riderplus wrote:
>
> I wanted to find out how much free space I have on my HDD, so I issued:
>
>
> Code:
> --------------------
> df -h
> --------------------
>

Try df -H with a capital H

df -H

–
Version 3.10.2
openSUSE 13.1 (Bottle) (x86_64) 64-bit
Kernel Linux 3.11.6-4-desktop
Where are my penguins :- https://features.opensuse.org/316767

>
> Since BTRFS file system is experimental, I am not so familiar with it,
> so I have no idea why the partitions seem to be bigger

Not experimental. But as btrfs stores old copies of files as snapshots, and those copies use space
that doesn’t show in all commands, well, it would explain the discrepancy.

–
Cheers / Saludos,

Carlos E. R.
(from 13.1 x86_64 “Bottle” (Elessar))

In my case, they add up for NTFS and FAT file systems, but not for ext2 or ext4.

I’m pretty sure that this is unix tradition. Used + Avail should add up to 100%, but a file system can actually be filled to about 105%. Non-root processes cannot write over 100%, but root can continue until it is really full. The idea is supposed to be to keep some space unused so that sector allocation can be done in a way that minimizes fragmentation problems.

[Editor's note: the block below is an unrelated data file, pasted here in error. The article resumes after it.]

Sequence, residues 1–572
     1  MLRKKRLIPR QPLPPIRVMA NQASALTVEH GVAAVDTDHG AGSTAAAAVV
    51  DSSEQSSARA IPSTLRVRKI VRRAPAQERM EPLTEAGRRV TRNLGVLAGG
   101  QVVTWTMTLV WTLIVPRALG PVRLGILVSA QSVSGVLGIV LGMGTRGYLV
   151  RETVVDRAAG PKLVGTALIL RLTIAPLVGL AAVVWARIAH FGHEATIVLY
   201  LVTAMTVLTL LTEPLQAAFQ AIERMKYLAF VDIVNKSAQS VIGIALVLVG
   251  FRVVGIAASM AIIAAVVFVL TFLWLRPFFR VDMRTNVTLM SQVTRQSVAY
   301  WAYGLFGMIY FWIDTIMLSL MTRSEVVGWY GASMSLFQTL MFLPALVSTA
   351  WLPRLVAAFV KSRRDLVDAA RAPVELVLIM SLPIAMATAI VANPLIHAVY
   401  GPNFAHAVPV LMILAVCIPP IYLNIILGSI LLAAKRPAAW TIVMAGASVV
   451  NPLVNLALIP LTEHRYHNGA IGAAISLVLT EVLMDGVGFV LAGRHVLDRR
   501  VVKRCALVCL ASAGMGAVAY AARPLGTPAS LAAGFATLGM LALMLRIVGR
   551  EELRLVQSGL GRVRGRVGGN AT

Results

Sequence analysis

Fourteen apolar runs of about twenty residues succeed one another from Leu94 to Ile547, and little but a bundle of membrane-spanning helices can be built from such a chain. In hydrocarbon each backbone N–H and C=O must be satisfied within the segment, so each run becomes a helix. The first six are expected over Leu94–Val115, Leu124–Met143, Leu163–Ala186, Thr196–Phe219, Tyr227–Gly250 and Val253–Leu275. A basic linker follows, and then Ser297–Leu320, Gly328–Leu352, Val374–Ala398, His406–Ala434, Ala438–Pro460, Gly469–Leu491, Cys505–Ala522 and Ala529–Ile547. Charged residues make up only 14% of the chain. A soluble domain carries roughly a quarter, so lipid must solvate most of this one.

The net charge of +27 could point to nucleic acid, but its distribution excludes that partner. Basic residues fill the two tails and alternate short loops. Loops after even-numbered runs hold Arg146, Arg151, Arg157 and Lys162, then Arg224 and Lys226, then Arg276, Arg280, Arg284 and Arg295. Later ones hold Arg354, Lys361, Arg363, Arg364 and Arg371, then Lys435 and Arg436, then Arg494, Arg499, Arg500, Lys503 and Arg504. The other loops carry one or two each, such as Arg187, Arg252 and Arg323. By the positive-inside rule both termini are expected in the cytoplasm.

On 12/29/2013 08:16 AM, nrickert wrote:
>
> riderplus;2612227 Wrote:
>> FWIW, 7.9G added to 9.4G is not 19G (on sda1). Also, 73G added to 15G is
>> not 92G…am I being silly?
>
> In my case, they add up for NTFS and FAT file systems, but not for ext2
> or ext4.
>
> I’m pretty sure that this is unix tradition. Used + Avail should add up
> to 100%, but a file system can actually be filled to about 105%.
> Non-root processes cannot write over 100%, but root can continue until
> it is really full. The idea is supposed to be to keep some space unused
> so that sector allocation can be done in a way that minimizes
> fragmentation problems.

Close. A vanilla mkfs for extX file systems reserves 5% of the disk space for
exclusive use by root. With this reserve, the system can still boot even if the
disk has been filled by non-root users. That gives the user a chance to recover
from a runaway condition without needing to find and boot a rescue disk. That 5%